From the moment he found out he had a rare form of Cancer, he didn't give up. Alan is stronger than he has ever been and he did it all whilst going through the gruelling torture of Chemotherapy, so what's your excuse?
Life's a game of inches.
I've been given a rare opportunity to write something that i am hoping will resonate with people on a personal level in the hope that you can persevere through challenging times and know that you can still be who you've always wanted to be.
August 16th 2013 i had a particularly bad day, sitting there, on my own, tears in my eyes knowing i had to tell my new wife of just three months that i had just been diagnosed with cancer.
My initial reaction was, well I've been bald since i was 18 so that's one less thing to worry about I suppose!
As i waited for my wife to arrive, who was expecting to hear that i had pneumonia, i tried to fathom how the hell this had happened.
I was in the best shape of my life and had just got myself "shredded" for my wedding and honeymoon, i had never been stronger, fitter or more confident about myself, but yet this had happened to me?!
As you can imagine the two hours that came after were soul destroying, telling my wife such news is something I will never forget. Its something that does and always will haunt me, but it became my fuel.
Wake Up Call
I lay there at 3am YouTubing (as you do) and i stumbled across a speech i knew well from Al Pacino out of the film 'Any Given Sunday' about how "life is a game of inches", and you "have to fight for those inches!" Because that's the difference between living and dying.
BANG... That was it, my wake up call.
I was over this. I was over it and nothing was going to stop me beating this, nothing.
Fast forward two weeks, i had received my biopsy report back with instructions to IMMEDIATELY report for my chemotherapy, something wasn't right.
However my response was on the phone was "Okay. I'll set off shortly, I'm just in the gym!"
This moment also had great significance to me as i had just set a very ropey squat PB, which wasn't bad considering i was at that time the type of chap that would have the tendency to skip a leg day or five, and don't even get me started on why I didn't do deadlifts!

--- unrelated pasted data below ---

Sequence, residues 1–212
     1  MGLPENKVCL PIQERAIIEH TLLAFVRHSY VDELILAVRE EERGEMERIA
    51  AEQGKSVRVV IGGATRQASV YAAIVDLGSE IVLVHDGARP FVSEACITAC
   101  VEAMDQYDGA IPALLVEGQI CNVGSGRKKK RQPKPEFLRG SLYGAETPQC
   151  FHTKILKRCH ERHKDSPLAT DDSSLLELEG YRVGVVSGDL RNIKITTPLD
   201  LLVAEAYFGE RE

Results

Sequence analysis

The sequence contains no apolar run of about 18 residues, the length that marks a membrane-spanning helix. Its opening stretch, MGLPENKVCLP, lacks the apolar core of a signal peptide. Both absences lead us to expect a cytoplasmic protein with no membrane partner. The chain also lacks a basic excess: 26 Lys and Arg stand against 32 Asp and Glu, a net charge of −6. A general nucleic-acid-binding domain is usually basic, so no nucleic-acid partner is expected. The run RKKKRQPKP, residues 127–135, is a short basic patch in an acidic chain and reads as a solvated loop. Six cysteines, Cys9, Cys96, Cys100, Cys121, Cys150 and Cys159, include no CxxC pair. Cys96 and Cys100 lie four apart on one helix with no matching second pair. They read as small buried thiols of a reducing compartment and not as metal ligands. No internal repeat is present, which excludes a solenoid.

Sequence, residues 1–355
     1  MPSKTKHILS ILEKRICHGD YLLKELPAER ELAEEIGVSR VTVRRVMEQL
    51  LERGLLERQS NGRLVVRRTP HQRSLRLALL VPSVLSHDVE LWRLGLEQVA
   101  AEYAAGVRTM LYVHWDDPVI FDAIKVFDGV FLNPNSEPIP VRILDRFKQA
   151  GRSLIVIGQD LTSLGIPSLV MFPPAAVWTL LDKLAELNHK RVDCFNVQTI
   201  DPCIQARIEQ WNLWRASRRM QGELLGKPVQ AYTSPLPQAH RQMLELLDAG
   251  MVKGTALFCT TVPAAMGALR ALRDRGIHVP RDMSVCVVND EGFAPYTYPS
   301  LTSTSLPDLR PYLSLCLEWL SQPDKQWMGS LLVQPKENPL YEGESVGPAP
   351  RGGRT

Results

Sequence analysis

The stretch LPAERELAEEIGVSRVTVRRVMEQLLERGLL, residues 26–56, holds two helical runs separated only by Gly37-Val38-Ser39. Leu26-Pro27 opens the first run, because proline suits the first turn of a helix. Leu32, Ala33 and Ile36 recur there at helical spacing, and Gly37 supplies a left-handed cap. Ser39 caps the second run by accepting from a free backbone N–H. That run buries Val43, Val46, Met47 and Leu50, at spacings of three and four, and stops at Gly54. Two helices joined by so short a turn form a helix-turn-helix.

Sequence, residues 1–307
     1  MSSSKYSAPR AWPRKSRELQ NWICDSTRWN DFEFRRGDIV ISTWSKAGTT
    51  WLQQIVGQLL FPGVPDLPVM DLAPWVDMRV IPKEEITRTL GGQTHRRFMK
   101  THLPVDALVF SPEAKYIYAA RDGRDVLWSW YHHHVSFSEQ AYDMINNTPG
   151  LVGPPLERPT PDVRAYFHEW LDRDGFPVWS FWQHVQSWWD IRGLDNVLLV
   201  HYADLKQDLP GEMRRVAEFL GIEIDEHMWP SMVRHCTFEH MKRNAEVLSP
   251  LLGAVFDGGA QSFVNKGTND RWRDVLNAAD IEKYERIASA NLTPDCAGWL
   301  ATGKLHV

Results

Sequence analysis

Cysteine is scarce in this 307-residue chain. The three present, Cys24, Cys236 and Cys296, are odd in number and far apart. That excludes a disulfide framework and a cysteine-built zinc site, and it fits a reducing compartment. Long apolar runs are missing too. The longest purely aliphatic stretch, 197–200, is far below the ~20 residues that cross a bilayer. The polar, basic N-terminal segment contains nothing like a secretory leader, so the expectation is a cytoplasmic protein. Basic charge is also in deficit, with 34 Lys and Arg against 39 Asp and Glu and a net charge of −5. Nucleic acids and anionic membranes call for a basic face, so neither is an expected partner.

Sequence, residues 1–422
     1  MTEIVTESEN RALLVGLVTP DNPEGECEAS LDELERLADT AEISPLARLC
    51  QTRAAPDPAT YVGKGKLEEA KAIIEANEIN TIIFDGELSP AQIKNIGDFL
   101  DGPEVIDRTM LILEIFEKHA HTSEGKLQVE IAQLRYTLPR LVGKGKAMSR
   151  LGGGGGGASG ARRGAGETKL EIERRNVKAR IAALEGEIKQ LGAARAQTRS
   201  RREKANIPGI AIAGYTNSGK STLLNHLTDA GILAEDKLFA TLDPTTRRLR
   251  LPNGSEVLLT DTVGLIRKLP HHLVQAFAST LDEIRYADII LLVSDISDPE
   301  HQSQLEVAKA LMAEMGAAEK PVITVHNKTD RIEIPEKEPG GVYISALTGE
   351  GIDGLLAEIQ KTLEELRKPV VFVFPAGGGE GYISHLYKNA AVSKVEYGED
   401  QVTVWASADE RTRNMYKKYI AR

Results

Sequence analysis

I arrived at the Christie Hospital, family in tow to be told my cancer wasn't what I’d been expecting. It turned out to be something much more aggressive, rare, and unfortunately had a three year treatment process - a tiny jump from the 4 month regime i had been expecting!
Lymphoblastic Lymphoma is what i was diagnosed with, one step shy of Lymphoblastic Leukaemia, fortunately my bone marrow was unaffected, which stopped me having full blown Leukaemia. However, unfortunately for me, my treatment regime was exactly the same - joy!
I'm not sure what kind of first impression i gave the Dr's, but to be given a bollocking by me when they tried telling me what I could and couldn't do was something that didn't sit well with them, i mean come on i was going to lose all my hard earned "gainz"! Even after that all the Dr's kept repeating to me was "you shouldn't do anything".
They meant it, as they hit me with a bombshell that I'd have to spend the next four weeks at the Christie in an isolation room.
So, i summoned the Dietitian, Physio and anyone else i could to discuss what it was i was going to do to get through this. I took resistance bands with me, about two tubs of my BBW Performance Whey Protein and i spied the Kosher Menu at the hospital that offered better quality food with real meat and that's it - I was on on it!
I was all set for my four week stay and the start of my chemotherapy treatment.
I had a little white board in my room which would have the same work out on every single day, this was my score card. This was what i had as information for the Dr's when they did their rounds, when they asked how i felt, my little work out was the indicator. if i couldn't complete it, or cope with it, i had something to tell the Dr's all about.
They thought i was insane, regularly dropping and asking what i had achieved that day!
However, it must of worked, as with a shock few words from my consultant in week three saying "we just didn't anticipate you or your body" i was let home a week early, something that i'm told was quite unprecedented.
As Christmas time rolls around i was given some good news, I'm in complete Remission! However the bad news was the treatment carries on the same all the way til May 2015, a conveyor belt of drips, intracheals, blood transfusions and more horrific Chemotherapy.
Treatment protocol after protocol the chemo built up inside me, and basically ripped me a new one. I made out that i was fine, as you do! I had to though, too many people worry about me, so you tell them your okay so they don't worry.
I was told i would pick up so many infections due to having no immune system and it was going to a tough ride, yet, somehow, nothing, i only had to endure the Chemotherapy!
May 17th 2014 i endured my final chemotherapy treatment of this regime, i was an absolute mess, fat and barely able to walk up stairs. I couldn't stand the way i looked in the mirror and i had that chemotherapy rounded yellow face, it had been a horrendous 10 months, so what did i do to get over it?
Two days later i returned to full time work.
My treatment wasn't over however, 15 consecutive days of Radiotherapy to come and then two more years of Chemotherapy, Oral Chemotherapy treatment every single day, and every 3 months Vincristine via a drip and a pleasurable Intracheal (injection into the spine) but none the less i was cracking on with work, my personal training and the re building of myself!